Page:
Esther Ziegler: Catalogue data in Spring Semester 2021
|Name||Dr. Esther Ziegler|
Professur für Lernwissenschaften
ETH Zürich, RZ J 5
|Department||Humanities, Social and Political Sciences|
|851-0252-12L||The Science of Learning From Failure |
Number of participants limited to 60.
|2 credits||2S||M. Kapur, A. Nardo, E. Ziegler|
|Abstract||We can learn from failure! But, what does “failure” mean? And, what, how, and why do we learn from failure? This course covers research from the cognitive, educational, and learning sciences that addresses the role of failure in human learning. Students will critically examine how failure affects thinking, knowledge, creativity, problem-solving, etc.|
- Critically read and analyze articles on research that addresses failure in learning.
- Participate in in-class problem-solving activities around research in failure.
- Discuss and reflect upon topics in both online and face-to-face formats.
- Engage in activities through the online platform.
- Complete a final paper on a subtopic related to failure in learning.
By the end of the course, students should be able to:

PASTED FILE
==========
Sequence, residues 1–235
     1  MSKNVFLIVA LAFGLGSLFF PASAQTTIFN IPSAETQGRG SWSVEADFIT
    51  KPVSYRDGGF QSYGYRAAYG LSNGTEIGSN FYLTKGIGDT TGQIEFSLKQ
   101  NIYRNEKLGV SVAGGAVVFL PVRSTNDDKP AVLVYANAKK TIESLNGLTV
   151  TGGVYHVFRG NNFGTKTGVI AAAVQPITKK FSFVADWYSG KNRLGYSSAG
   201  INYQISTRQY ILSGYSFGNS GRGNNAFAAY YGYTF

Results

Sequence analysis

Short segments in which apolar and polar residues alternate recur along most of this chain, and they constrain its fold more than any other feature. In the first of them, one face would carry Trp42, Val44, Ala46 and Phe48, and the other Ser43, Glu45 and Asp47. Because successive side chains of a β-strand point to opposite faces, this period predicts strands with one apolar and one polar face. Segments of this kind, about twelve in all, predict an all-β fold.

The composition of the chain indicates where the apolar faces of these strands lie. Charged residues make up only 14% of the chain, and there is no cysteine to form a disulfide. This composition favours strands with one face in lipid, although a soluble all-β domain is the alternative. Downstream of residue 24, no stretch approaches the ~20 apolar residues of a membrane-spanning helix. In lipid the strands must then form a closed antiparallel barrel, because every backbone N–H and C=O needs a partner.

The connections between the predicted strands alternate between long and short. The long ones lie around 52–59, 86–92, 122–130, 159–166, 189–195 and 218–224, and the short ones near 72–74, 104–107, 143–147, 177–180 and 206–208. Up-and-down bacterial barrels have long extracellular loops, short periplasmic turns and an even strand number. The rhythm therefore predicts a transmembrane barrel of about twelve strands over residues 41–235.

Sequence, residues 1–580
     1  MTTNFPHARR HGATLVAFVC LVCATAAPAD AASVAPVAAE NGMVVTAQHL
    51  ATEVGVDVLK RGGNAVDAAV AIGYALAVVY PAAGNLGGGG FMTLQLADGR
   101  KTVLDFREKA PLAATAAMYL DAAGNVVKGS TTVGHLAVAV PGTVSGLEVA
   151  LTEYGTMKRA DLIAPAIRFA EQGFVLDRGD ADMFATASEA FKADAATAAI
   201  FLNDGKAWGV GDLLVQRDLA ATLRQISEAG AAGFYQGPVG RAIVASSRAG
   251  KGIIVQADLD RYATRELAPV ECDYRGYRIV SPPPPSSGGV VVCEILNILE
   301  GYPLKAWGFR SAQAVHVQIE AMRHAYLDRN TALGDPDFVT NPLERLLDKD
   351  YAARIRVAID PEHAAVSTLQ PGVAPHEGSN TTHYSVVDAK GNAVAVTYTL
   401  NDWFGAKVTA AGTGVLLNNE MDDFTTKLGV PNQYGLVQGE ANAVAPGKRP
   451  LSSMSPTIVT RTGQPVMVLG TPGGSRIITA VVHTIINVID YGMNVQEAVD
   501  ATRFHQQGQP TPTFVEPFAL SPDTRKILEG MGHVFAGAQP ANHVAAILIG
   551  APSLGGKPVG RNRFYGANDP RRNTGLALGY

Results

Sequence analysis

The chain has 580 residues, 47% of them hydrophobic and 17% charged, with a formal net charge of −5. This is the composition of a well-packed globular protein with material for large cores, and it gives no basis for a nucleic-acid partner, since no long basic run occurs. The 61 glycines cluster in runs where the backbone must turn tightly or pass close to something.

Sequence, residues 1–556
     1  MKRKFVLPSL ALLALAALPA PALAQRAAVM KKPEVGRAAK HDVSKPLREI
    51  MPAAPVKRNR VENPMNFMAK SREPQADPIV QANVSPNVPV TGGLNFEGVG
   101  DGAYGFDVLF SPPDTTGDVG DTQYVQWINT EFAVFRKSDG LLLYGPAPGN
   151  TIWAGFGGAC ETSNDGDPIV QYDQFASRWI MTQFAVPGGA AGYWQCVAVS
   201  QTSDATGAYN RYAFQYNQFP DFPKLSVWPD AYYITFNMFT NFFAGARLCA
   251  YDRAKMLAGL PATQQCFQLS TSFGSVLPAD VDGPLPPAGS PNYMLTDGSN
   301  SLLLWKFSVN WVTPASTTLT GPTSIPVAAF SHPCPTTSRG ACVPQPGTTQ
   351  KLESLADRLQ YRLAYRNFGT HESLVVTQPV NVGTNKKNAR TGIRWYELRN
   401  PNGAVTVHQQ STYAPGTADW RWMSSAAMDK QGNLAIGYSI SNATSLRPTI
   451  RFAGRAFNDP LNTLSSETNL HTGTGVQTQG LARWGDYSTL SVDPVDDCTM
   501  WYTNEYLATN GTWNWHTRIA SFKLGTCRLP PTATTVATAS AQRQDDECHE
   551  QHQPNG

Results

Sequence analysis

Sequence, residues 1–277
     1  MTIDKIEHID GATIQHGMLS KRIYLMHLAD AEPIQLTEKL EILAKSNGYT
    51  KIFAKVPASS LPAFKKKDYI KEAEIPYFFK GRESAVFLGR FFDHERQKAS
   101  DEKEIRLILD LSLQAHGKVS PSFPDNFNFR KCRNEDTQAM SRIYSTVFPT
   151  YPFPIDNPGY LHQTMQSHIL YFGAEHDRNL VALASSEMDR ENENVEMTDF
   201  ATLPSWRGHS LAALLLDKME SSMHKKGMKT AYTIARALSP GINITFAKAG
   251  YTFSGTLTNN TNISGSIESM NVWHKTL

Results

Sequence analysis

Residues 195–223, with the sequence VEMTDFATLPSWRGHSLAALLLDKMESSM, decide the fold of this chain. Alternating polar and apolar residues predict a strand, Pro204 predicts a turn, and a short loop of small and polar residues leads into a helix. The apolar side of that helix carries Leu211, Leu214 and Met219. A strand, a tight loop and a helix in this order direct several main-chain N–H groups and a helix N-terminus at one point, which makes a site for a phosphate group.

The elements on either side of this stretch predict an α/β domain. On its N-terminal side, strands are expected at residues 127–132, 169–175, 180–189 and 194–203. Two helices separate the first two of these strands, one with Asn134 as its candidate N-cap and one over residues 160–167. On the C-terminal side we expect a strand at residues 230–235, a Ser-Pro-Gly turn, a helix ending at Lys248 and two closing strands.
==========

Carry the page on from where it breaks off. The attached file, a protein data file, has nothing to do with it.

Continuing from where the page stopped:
- Demonstrate a critical understanding of the role that failure plays in learning.
- Discuss how and why failure can benefit learning.
- Discuss how and why failure does not facilitate learning.
- Apply understanding to a related sub-topic.
|Content||We learn from our mistakes, or rather, we certainly hope that we do. Another way to say this is that we can learn from failure. But, what does “failure” mean? And, what, how, and why do we learn from failure? This course covers research from the cognitive, educational, and learning sciences that addresses the role of failure in human learning. Students will critically examine how failure affects development of knowledge, creativity, problem-solving, and general thinking and learning. More specifically, they will have the opportunity to question and evaluate the potential relationships between the facets around failure within individual, interactional, cultural, societal, and global contexts through seminal readings and problem-solving activities oriented to real world issues. Students from any discipline are welcome to this course to learn more about how failure can be harnessed to improve our knowledge, capabilities, innovations, teamwork, and contribute to the larger global world.|
|Prerequisites / Notice||This seminar is an interactive course, thus attendance and classroom participation are required.|
"The course is held as 2 separate courses with each a maximum of 30 students: one course in German and one course in English."